Baxter International has announced the acquisition of US biopharmaceutical company AesRx, including development and commercialisation of AesRx’s investigational sickle cell disease treatment Aes-103.

AesRx has received initial payment from Baxter for the acquisition and the company may receive additional future payments based on specified development, regulatory and commercial milestones.

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An oral, small molecule compound (5-hydroxymethylfurfural), Aes-103 was developed by the Virginia Commonwealth University (VCU) Institute for Structural Biology and Drug Discovery and the compound is originally patented by VCU.

The US Food and Drug Administration granted orphan drug designation for Aes-103, which is also eligible for this status in Europe.

"We believe this will provide Aes-103 the needed resources and expertise to complete a robust development and commercialisation programme."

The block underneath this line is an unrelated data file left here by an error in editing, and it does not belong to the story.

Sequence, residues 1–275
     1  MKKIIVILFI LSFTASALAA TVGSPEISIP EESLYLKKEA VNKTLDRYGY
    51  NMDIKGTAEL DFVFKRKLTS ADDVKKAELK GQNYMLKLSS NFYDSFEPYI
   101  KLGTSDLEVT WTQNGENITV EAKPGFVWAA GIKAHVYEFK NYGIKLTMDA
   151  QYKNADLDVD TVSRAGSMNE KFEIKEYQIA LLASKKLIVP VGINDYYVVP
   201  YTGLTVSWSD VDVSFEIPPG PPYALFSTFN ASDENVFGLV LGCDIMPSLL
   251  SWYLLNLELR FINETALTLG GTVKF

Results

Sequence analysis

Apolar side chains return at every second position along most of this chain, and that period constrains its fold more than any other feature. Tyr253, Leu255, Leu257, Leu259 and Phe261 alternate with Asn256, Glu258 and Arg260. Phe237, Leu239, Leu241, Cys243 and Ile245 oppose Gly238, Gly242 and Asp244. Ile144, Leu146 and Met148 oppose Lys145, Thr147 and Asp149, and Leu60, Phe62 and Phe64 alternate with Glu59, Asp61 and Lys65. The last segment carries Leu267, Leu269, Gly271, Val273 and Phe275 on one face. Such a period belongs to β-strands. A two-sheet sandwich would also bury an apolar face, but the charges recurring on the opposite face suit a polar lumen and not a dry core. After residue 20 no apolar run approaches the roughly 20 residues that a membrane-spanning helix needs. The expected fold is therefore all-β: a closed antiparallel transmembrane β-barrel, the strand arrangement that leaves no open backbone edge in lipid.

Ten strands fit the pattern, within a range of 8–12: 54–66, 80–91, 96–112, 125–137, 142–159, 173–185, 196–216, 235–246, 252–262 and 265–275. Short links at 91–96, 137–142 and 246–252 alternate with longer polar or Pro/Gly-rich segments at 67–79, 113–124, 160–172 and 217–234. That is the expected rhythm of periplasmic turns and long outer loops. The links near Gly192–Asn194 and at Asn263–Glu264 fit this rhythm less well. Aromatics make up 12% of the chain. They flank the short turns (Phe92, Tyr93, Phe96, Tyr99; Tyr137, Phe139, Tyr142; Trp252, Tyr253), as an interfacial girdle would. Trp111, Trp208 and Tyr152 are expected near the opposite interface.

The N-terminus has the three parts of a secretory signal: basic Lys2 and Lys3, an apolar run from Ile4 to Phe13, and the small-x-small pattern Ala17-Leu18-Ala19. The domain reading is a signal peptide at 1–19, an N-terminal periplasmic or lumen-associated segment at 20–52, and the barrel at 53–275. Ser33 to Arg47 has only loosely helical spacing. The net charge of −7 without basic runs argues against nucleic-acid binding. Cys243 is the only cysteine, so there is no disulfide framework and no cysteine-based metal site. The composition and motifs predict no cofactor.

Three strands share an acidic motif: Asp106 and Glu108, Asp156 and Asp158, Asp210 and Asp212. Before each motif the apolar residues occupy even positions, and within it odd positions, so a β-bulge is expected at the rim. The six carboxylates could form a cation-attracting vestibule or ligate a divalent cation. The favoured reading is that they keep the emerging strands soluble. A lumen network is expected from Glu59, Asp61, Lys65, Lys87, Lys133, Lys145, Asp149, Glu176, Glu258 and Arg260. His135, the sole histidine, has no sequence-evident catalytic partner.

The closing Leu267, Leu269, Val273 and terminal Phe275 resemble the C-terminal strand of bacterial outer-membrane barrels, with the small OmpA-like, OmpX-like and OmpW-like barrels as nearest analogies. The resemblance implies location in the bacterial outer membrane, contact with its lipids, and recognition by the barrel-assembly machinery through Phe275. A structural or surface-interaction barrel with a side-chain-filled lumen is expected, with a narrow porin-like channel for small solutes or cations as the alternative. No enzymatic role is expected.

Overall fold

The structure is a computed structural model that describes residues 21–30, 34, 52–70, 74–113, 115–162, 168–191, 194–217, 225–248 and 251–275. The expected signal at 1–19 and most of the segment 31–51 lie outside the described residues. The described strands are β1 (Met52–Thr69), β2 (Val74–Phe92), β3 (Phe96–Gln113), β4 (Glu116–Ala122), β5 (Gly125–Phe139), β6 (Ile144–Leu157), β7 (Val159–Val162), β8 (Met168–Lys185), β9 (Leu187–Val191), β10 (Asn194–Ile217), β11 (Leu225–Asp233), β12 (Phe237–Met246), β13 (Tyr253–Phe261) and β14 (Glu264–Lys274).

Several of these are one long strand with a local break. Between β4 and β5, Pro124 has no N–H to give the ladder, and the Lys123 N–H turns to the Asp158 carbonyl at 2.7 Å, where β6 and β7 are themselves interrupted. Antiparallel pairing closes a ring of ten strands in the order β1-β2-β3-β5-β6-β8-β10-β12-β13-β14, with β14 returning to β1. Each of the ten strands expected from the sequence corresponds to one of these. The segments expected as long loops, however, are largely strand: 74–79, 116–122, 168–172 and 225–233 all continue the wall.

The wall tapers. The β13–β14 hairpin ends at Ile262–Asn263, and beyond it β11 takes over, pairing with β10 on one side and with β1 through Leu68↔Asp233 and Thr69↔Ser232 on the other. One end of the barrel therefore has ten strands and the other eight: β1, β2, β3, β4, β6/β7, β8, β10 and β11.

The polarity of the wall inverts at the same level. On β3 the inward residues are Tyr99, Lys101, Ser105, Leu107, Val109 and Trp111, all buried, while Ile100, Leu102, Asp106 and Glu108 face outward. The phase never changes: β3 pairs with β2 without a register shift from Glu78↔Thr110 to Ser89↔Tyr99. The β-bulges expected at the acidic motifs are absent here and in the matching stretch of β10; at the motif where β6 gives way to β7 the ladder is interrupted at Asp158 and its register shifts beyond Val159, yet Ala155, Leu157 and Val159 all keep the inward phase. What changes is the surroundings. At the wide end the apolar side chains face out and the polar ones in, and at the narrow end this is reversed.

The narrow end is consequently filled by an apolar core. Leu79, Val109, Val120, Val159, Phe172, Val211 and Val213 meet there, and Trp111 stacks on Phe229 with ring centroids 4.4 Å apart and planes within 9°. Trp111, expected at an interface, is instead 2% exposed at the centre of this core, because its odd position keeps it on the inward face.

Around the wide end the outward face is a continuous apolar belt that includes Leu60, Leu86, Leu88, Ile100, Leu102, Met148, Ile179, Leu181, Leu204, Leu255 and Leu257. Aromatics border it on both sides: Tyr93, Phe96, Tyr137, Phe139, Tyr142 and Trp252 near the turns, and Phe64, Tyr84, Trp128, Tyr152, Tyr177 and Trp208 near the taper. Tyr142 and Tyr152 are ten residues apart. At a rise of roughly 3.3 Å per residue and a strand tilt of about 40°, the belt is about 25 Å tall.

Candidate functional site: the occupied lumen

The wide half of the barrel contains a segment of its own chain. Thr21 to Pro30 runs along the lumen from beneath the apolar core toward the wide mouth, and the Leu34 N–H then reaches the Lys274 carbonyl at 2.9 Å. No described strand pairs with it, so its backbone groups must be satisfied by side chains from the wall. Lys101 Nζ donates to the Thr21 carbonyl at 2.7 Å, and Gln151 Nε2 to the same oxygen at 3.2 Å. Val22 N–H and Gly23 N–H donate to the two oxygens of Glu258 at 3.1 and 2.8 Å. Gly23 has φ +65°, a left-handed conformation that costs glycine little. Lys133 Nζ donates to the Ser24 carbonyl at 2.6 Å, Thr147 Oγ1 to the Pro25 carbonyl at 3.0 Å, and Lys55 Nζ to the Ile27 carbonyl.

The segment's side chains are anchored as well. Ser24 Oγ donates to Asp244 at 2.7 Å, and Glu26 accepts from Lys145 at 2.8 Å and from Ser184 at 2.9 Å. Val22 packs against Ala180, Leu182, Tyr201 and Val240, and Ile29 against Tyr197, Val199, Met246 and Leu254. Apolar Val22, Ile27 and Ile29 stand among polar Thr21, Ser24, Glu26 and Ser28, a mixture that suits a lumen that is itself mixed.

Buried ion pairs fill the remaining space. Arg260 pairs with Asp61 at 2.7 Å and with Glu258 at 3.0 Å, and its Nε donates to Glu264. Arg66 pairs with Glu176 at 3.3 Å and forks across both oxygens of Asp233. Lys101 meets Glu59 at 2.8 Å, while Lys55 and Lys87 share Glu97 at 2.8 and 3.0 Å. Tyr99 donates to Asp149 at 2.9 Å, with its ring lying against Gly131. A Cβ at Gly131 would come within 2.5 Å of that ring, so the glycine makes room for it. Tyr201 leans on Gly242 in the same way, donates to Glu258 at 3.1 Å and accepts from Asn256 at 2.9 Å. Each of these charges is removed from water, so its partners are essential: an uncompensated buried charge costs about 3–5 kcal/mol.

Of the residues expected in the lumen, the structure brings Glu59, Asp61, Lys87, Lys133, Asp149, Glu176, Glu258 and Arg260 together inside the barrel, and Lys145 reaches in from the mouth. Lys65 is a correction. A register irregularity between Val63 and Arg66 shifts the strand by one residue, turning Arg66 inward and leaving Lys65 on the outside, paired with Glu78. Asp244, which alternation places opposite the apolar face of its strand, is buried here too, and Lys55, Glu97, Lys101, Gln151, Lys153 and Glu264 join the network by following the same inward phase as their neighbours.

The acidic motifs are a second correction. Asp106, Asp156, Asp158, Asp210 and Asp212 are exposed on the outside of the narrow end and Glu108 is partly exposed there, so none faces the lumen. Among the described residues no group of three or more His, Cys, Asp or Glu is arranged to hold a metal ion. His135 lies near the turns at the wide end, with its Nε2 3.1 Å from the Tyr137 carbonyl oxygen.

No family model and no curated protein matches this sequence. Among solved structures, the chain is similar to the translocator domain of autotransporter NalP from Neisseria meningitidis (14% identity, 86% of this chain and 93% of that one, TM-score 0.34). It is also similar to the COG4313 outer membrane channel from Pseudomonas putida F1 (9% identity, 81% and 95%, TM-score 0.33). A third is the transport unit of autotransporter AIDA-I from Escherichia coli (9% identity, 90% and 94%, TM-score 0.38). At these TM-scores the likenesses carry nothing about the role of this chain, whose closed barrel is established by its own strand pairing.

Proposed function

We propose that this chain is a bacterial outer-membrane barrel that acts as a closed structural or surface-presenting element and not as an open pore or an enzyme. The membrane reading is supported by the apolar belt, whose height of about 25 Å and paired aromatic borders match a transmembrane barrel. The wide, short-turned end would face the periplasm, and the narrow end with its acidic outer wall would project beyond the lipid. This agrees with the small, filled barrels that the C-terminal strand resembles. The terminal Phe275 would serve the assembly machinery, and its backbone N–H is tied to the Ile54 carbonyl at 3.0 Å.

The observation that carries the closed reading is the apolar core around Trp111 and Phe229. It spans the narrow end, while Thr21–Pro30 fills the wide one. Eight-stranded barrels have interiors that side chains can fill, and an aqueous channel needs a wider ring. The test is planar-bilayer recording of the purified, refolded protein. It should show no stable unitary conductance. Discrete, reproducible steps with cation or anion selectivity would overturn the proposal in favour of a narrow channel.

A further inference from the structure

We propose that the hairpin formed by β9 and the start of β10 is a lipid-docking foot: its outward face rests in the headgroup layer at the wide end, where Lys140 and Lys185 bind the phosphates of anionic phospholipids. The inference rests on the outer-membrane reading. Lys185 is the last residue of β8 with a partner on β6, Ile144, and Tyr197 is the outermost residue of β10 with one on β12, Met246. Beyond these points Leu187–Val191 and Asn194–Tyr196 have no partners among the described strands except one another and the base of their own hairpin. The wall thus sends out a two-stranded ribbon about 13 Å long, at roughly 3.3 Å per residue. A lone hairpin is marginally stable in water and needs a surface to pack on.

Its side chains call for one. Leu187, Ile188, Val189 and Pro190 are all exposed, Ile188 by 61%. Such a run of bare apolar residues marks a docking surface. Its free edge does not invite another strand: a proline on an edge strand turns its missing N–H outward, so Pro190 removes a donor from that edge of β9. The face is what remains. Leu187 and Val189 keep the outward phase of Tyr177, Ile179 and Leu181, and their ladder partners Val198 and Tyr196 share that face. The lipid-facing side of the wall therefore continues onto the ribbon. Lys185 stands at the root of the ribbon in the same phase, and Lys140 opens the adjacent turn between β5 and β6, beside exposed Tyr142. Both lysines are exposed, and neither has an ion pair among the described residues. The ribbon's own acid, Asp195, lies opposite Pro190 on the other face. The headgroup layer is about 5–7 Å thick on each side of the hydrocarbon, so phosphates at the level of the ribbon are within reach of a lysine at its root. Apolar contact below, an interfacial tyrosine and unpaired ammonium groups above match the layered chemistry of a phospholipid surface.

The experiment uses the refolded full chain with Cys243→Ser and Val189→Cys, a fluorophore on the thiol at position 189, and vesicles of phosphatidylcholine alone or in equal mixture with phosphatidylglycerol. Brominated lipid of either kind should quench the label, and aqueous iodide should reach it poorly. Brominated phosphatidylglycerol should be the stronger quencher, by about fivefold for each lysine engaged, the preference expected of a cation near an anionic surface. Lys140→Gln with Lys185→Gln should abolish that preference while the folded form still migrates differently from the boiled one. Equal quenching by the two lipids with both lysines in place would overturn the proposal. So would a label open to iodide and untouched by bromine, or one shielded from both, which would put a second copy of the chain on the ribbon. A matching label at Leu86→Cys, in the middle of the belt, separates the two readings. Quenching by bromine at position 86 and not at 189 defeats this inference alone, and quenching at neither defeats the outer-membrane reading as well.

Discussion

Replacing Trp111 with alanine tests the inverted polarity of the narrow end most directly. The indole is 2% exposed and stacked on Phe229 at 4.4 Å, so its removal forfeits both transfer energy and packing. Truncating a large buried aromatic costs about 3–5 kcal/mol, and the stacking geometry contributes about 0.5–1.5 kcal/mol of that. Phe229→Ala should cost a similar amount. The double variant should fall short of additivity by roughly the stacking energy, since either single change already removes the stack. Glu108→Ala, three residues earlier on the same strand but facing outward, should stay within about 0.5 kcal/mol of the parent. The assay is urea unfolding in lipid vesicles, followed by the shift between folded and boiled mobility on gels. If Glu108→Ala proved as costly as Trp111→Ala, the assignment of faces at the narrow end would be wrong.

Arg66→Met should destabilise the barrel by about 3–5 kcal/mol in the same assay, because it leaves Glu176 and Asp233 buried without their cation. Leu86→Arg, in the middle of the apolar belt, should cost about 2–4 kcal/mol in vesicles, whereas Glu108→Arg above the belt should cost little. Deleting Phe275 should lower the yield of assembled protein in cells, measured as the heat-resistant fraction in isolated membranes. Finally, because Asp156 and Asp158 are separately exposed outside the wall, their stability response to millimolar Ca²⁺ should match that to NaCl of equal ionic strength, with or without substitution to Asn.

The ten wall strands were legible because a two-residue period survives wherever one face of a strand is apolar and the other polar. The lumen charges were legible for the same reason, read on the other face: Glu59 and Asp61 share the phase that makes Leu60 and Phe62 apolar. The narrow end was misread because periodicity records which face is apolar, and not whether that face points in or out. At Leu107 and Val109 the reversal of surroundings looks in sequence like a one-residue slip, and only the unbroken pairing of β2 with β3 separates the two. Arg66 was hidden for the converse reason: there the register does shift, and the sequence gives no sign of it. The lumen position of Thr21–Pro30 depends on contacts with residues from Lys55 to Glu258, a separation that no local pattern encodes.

Early studies indicated that Aes-103 may work by binding to hemoglobin and increasing oxygen affinity and stabilisation, reducing the sickling of red blood cells, which may reduce sickling-related outcomes such as vaso-occlusive crisis, pain, severe anemia, and fatigue.

The Aes-103 programme is currently in a Phase II clinical trial as part of an ongoing collaboration with the National Institutes of Health’s National Center for Advancing Translational Sciences through its Therapeutics for Rare and Neglected Diseases programme.

Data from an escalating dose Phase I/IIa safety study involving administration of a single dose among stable sickle cell disease patients was already reported.

Baxter BioScience president Ludwig Hantson said: "This programme is complementary to our established experience in hemophilia and supports our goals to raise the bar for care of patients with a range of blood-related disorders."

AesRx’s founder and former CEO Stephen Seiler said: "By becoming a part of Baxter’s organization, we believe this will provide Aes-103 the needed resources and expertise to complete a robust development and commercialisation programme."

Image: Scanning Electron Micrograph showing a mixture of cells, some with round normal morphology, some with mild sickling showing elongation and bending. Photo: courtesy of NIDDK.